South Korea’s ruling party bets on protest figure



THEAST WEEK the campaign for Lee Jae-myung, who on October 10 was nominated as the ruling Minjoo party’s candidate for president of South Korea, released a striking pair of old photographs. One shows a soft-haired boy in his early teens in an oversized, ill-fitting worker’s uniform. In the other, a boy of the same age wears a well-cut blue jacket with an ironed white collar and a thin red bow tie, his hair neatly cropped.

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The first photo is of Mr. Lee; the second from Yoon Seok-youl, his most likely conservative opponent in the March presidential election. The question posed by the pictures is clear. Who should run the country, the self-made man of the people or the pampered son of a professor?

Denigrating privileges is hardly an original political strategy. In South Korea, this may seem like a particularly tired argument for an aspiring president. After all, the country has been ruled for four years by the left-wing administration of President Moon Jae-in, who took office following a wave of outrage against a corrupt conservative establishment.

Still, Mr Lee, 56, has managed to exploit the political atmosphere. Voters are unhappy with the current government’s failure to deliver on promises to curb soaring housing costs and revive the pandemic-stricken economy. The opposition, hampered by a series of embarrassing blunders, including Mr. Yoon’s alleged connections to shamans, one of whom is an anal acupuncturist, failed to capitalize on the discontent. Mr Lee, who promises to tackle his predecessor’s unfulfilled commitments in his own way, currently leads the polls despite representing the ruling party.

Mr. Lee, who has few supporters in the party establishment, has risen to prominence over the past decade championing unorthodox social policies. These have been popular with voters in South Korea, which suffers from persistent youth unemployment, expensive housing and high rates of relative poverty among the elderly, but spends only 12.2% of GDP on social benefits, just over half of the average for rich countries.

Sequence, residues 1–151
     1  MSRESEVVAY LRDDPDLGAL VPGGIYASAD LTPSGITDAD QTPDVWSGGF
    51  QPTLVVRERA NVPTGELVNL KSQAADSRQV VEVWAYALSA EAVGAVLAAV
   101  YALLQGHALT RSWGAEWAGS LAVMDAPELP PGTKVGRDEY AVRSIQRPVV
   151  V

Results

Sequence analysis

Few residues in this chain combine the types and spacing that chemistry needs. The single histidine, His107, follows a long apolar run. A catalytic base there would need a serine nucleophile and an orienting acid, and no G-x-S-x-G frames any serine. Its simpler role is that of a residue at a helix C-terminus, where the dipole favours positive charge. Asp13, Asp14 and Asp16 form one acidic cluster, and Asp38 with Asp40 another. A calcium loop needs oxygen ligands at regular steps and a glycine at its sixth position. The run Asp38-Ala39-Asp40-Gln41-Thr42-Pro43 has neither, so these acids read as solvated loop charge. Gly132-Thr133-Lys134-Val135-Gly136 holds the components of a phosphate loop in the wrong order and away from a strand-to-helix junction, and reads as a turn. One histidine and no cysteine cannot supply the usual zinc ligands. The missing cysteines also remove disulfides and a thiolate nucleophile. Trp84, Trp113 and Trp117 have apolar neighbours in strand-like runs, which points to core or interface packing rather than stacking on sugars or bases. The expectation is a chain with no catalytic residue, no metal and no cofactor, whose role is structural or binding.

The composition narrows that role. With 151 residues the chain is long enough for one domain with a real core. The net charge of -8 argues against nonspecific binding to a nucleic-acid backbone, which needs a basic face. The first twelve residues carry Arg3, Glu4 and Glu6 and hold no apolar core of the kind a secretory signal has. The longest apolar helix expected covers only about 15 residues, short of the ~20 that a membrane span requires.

During two four-year terms as mayor of Seongnam, a city of about 1 million people in Gyeonggi Province near Seoul, the capital, M. school uniforms while improving the city’s finances saddled with debt thanks to budget cuts and better tax collection. When he was elected governor of Gyeonggi, South Korea’s most populous province, in 2018, he applied many of these policies to its 13.5 million people. If elected president, he promises to introduce a nationwide universal basic income, extend credit to the poor and build more social housing.

Critics question the financial viability of its platform, including basic national income. Yet the pandemic has bolstered support for more generous social protection policies in the country, and Mr Lee has a reputation for effectiveness. His experience, which he likes to remind voters on an almost daily basis, has also helped. Born into a poor farming family in Andong, the conservative heart of South Korea, the fifth of seven children, he left school at the age of 12 to work in a factory, where his arm was taken in a press, permanently damaging it. He enrolled in night school and got a scholarship to study law. Like many other Minjoo politicians, including Mr. Moon, he spent years as a human rights lawyer and activist for left-wing causes before officially entering politics.

His talent for political stunts also bolstered his image. After being elected mayor of Seongnam, he moved his office from the ninth to the second floor to be closer to “people below,” as he recalls in his autobiography. This spring, he forced all foreign residents in the province to get tested for covid-19, sticking to the plan despite accusations it was xenophobic and discriminatory against migrants. The voters loved it.

Mr. Lee is no fool. Several former associates have been arrested in recent weeks in connection with a sprawling corruption scandal involving real estate investments in Seongnam, the origins of which can be traced back to his tenure as mayor. The fallout almost cost him his victory in the primary. Mr Lee has denied all allegations he was involved and vowed to cooperate with an upcoming parliamentary audit. The opposition will pray that the hero of the working class ultimately turns out to be part of the corrupt establishment.

This article appeared in the Asia section of the print edition under the headline “Heroes of the Working Class”


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